The two (or three) versions of Esther

Queen Esther

Queen Esther. Painting by Edwin Long, 1878. National Gallery of Victoria, Melbourne.

The book of Esther is found in two different versions in our Bibles. Jewish and Protestant Bibles follow the Hebrew version known as the Masoretic Text, while Catholic and Orthodox Bibles follow the Greek version known as the Septuagint. This Greek version has just over 100 additional verses in 6 blocks, in addition to some other relatively minor differences. The additional material appears to have been mostly translated from a Hebrew or Aramaic original [1], and includes a colophon (Esther 11:1) which names the translator:

“In the fourth year of the reign of Ptolemy and Cleopatra, Dositheus, who said that he was a priest and a Levite, and his son Ptolemy brought to Egypt the preceding Letter about Purim, which they said was authentic and had been translated by Lysimachus son of Ptolemy, one of the residents of Jerusalem.”

From the date in the colophon we can set the latest possible date for the translation as either 142 BCE or 78/77 BCE, both dates being in the Maccabean or Hasmonean era. The longer (Septuagint) version of Esther has some noteworthy differences from the Hebrew:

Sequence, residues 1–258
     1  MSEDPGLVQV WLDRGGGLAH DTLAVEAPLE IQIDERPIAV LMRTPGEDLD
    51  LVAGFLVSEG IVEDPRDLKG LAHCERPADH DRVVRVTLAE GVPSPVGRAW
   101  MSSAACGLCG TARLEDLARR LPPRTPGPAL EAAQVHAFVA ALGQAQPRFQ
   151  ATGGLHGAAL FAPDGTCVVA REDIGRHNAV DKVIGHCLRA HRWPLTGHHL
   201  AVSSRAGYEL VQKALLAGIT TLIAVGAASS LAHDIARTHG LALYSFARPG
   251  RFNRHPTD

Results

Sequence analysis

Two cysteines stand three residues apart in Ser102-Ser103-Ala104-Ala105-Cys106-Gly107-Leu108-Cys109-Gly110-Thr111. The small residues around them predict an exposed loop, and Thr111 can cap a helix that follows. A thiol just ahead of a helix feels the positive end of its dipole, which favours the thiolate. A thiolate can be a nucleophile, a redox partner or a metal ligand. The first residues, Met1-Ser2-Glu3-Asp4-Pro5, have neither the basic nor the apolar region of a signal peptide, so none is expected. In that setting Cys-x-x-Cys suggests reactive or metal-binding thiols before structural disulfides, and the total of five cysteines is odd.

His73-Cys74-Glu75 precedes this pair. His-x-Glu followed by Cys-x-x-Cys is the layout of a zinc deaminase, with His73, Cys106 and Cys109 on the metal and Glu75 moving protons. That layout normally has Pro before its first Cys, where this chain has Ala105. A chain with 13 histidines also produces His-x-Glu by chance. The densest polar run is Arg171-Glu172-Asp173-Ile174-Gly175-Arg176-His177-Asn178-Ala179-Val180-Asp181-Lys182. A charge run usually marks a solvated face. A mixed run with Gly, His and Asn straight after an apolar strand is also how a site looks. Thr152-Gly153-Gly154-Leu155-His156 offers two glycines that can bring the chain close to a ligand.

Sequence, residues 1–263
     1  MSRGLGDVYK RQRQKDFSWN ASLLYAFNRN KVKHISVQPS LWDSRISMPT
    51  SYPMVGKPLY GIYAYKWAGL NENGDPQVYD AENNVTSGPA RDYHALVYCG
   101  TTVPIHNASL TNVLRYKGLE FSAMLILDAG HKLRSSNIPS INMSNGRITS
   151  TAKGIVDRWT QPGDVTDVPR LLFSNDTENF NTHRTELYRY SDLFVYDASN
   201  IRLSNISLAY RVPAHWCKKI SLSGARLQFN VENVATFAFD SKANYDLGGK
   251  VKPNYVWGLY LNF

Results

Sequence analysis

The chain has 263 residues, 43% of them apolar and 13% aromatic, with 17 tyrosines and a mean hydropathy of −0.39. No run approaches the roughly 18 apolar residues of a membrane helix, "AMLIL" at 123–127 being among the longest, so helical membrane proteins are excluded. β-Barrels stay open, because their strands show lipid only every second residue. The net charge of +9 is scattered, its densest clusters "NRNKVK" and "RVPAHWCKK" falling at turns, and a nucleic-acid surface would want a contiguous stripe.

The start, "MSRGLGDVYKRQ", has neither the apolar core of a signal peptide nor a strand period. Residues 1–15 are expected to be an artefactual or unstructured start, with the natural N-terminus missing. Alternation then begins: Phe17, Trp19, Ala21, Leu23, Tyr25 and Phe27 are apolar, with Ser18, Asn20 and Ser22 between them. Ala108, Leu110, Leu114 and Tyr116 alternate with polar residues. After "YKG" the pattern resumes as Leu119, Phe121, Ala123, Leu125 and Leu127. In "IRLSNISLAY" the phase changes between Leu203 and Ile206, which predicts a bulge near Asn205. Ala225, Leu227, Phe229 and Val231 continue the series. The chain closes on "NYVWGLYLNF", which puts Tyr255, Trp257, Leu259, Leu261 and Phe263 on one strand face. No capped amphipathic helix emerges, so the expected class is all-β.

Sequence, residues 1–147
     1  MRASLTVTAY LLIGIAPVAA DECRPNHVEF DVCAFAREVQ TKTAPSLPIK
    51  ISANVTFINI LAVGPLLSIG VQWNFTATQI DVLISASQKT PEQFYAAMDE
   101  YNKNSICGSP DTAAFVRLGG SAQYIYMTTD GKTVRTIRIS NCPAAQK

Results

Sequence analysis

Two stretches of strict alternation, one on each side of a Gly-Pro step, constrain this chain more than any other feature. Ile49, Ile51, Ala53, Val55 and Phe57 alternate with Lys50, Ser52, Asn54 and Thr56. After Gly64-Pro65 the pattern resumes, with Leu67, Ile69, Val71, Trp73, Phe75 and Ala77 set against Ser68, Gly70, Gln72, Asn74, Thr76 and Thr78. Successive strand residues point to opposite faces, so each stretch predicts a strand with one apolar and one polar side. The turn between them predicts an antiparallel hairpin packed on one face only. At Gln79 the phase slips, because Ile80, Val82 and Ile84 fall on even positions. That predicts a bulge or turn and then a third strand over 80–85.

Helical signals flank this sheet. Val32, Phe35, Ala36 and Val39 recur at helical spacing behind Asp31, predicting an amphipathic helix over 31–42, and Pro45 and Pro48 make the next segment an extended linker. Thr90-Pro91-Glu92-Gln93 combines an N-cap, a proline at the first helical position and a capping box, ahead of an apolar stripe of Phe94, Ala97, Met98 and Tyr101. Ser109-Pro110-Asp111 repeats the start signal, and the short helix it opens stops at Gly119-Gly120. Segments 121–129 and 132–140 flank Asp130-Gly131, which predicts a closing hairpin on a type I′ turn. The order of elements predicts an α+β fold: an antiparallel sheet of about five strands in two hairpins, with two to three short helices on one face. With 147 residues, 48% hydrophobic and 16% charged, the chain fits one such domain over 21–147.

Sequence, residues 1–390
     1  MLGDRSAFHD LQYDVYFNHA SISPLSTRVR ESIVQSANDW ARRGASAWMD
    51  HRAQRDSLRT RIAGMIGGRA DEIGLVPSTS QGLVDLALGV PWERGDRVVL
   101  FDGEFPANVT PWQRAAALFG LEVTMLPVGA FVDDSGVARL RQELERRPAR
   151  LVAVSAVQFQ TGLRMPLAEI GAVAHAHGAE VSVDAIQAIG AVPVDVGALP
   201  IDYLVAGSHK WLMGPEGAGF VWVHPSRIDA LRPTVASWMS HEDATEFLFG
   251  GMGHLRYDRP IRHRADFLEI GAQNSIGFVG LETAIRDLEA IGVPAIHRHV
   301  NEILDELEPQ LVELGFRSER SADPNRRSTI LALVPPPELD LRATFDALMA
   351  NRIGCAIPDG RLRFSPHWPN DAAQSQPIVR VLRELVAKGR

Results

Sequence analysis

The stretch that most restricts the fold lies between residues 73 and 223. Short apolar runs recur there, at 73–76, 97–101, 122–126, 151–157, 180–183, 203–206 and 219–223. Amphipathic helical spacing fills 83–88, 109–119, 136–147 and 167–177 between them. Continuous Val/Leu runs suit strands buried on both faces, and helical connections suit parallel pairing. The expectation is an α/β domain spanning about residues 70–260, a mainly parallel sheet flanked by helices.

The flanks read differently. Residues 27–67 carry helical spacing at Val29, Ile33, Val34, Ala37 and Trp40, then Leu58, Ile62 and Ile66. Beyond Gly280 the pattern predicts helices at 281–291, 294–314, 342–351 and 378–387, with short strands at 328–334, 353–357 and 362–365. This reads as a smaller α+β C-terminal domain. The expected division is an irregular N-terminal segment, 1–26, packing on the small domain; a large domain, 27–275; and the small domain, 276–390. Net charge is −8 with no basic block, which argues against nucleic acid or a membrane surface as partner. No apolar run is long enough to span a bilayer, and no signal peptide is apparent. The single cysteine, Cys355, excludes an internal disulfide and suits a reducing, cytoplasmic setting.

1. The Hebrew version does not mention God at all, not even once, while the Septuagint version uses “God” or “Lord” about 50 times, mostly in the additional verses but also including a handful of places where the Hebrew parallel does not mention God.
  2. There is nothing “religious” about the Hebrew version. However, the Septuagint version includes prayers by Esther and Mordecai, refers to laws of Moses including circumcision and dietary regulations, and speaks of Israel as God’s “inheritance.” It also includes the “Deuteronomistic” claim that Israel went into exile because of disobedience to God’s laws (14:6-7), and refers to the Temple in Jerusalem as God’s house (14:9). 
  3. The Hebrew version tells the story of how Esther came to be Queen, married to a Persian king, but only the Septuagint version tells us that she found it abhorent that she was compelled by necessity to be married to a Gentile (14:15-18).